|Rigging Your DSLR
by: Bill Pryor
Cavision Rods System MarksPhototools.com and Video Bracket
Over the years I've always made an effort to avoid pimping out my cameras--because if (a) cost, and more importantly (b) the cumbersomeness and extra hassle. For instance, I've always used filters and, when needed, a french flag instead of a matte box. Why? Because a matte box (except for some of the screw on types such as the Lee bellows lens hood) requires a set of support rods. More stuff, more weight, more hassle.
Then I abandoned the DV revolution and joined forces with the DSLR revolution. Enter the 7D.
Shooting video with a hybrid camera requires a bit of pimping out of the camera. The first thing I bought was the http://idcphotography.com attachment to turn the LCD into a viewfinder. That's an absolute necessity, unless you shoot nothing but interiors with a tripod. At the same time I ordered a Zoom H4N sound recorder from http://bhphotovideo.com because with the 7D you must shoot double system sound unless you're simply gathering ambient audio. Then I bought the video bracket from http://www.marksphototools.com/ because I wanted to mount the Zoom up near the camera and didn't like it on the camera hotshoe because the mic cables get in my way.
So there was my rig: Viewer attachment, bracket with mounting cold shoe, Zoom on top of the bracket handle. Uncomplicated and quick to set up. The handle was attached to the base of the camera with a quick release, the tripod quick release attached to the base of the bracket. Life was good.
This is my original setup, the viewer and handle (Zoom had not yet arrived)
But I just finished a script for a shoot next month that requires me to do lots of hand held shooting, inside a vehicle. No motion, but lots of closeups on gauges, hands doing things. I borrowed a Camcrane 200 jib from a friend, thinking I would put the camera on the jib, shooting to the side, and stick the jib arm inside the vehicle. The problem with that is that every shot would be a big deal to get positioned properly, and on this shoot I already know time will be at a premium. Thus, do it hand held.
It is really difficult to do good hand held shooting with a DSLR, even with an IS lens, and especially in cramped positions. I decided I better get a shoulder mount.
There are lots of shoulder mounts available, some are even DLSR-friendly. The most prominent come from Vocas, RedrockMicro and Zacuto. Anything you get from those three companies is going to be expensive. Vocas is the best, unquestionable. It's a Dutch company and their products are difficult to get quickly in the U.S. Zacuto was out of the question financially. RedrockMicro would cost over $600. Good stuff, but I'm trying to minimize all these add-ons and put my money into some good lenses later on. So I went with Cavision.
This is the Cavision rig sold for DSLR cameras. The mounting plate is reversed to put the
camera where it needs to be. Rods are 30cm in length, and can easily be replaced with
longer ones if the need arises. The T-shaped bracket near the front is for a matte box, and
you can see that longer rods would be necessary in order to use a matte box with this lens.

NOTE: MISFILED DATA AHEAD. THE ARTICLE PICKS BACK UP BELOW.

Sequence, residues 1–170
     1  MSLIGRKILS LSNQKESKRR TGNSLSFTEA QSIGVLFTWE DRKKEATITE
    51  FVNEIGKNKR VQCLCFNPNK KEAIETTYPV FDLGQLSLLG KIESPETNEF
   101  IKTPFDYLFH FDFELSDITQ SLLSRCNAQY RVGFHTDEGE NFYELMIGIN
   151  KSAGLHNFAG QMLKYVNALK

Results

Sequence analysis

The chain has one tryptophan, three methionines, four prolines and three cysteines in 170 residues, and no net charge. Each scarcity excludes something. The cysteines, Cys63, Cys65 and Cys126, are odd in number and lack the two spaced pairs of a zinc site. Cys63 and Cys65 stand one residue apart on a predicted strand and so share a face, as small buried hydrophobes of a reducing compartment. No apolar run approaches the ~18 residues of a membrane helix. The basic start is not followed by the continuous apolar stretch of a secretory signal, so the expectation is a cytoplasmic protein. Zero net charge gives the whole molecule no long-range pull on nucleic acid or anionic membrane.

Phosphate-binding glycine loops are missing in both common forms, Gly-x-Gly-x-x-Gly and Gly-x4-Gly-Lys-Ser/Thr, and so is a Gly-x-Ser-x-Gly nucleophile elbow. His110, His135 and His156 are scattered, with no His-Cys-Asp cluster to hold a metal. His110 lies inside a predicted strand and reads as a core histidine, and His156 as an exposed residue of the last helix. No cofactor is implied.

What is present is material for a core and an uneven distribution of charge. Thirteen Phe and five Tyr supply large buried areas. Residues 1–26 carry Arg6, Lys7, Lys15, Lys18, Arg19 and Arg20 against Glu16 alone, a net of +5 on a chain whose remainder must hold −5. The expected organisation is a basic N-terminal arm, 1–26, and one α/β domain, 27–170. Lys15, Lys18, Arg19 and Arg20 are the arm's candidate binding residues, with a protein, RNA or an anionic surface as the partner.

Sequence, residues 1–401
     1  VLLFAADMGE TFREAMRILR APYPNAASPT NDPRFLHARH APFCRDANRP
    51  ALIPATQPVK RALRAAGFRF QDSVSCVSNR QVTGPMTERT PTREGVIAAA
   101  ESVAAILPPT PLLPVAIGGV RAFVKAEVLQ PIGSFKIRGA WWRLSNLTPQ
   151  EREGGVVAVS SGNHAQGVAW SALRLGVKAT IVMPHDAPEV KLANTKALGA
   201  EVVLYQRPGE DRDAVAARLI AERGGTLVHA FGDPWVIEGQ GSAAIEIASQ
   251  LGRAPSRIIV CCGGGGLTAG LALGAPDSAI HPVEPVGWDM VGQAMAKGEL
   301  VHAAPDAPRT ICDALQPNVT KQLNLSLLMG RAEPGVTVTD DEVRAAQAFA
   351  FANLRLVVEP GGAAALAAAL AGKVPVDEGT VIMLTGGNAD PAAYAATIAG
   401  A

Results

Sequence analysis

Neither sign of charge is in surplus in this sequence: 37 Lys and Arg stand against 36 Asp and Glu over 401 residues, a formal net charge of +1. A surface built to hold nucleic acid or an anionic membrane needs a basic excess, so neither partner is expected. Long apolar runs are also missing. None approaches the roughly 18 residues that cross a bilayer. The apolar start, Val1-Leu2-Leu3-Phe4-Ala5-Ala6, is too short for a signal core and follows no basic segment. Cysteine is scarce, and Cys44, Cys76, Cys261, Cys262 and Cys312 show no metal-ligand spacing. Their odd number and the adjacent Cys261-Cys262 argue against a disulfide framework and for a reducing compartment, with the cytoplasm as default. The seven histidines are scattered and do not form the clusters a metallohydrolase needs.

The handle is the Mark Watkins video bracket with the red cold shoe on top holding the
Zoom H4N recorder. The bracket is mounted to the bottom of the Cavision, and the
Libec 38 quick release plate is mounted to the bracket.
A closer shot of the setup. The cube on the end of the bracket has 1/4"-20 threads all
the way around. I could remove the handle and attach the Zoom H4N directly to the
cube with a 1/4"-to-1/" adapter, but I like the handle. It makes picking up and
carrying the rig a lot easier and that's an advantage over the much more expensive attachments
with articulated arms.
Here's the back of the Cavision rig with the shoulder mount tilted up. The rig slips on and off the
tripod easy with no disassembly required. I like shooting with it on the tripod, because I
can take it off in a few seconds. All I have to do is rotate the shoulder bracket down to
the proper position and do the same for the front handles.
The Cavision rig came from B&H, and I had to order it in three pieces because they didn't stock the "kit." What you do is go to the Cavision site http://www.cavision.com and track down what you want, copy and paste the product numbers on B&H, and there you are. You can order direct from Cavision, but that may not be great unless you're in Canada. Shipping and import duties could be a killer. I've had correspondence back and forth numerous times with Bernie at Cavision, and he answers email promptly and readily sends the price lists. He also answers all questions accurately.
Overall, I think the this Cavision rig, at around $350 (USD) is probably the best deal on the market. It looks good, it's solid and well made, and adaptable for future expansion. Cavision also sells excellent matte boxes and very nice geared follow focus systems. The ability to add the Mark Watkins bracket, which I already owned, was icing on the cake, and much nicer than spending a couple hundred bucks on a little arm.
One thing I like better about this Cavision over RedrockMicro and Zacuto is the shape of the shoulder mount. Both of the pricier systems have a very shallow shoulder mount, and the rig just rests on top of your shoulder. Because the Cavision curves downward a significant distance, you can push back with it, against the front of your shoulder. So it functions similar to a gunstock mount in that regard. It makes for a very stable hand held arrangement.
My apologies for the quality of the photos, especially the shadows on the wall. I had to use somebody's little pocket camera and couldn't make the flash turn off, and the room was too small to move far enough from the wall. The irony, the irony--about $3K worth of camera and accessories sitting there and I have to shoot it with a $110 pocketcam.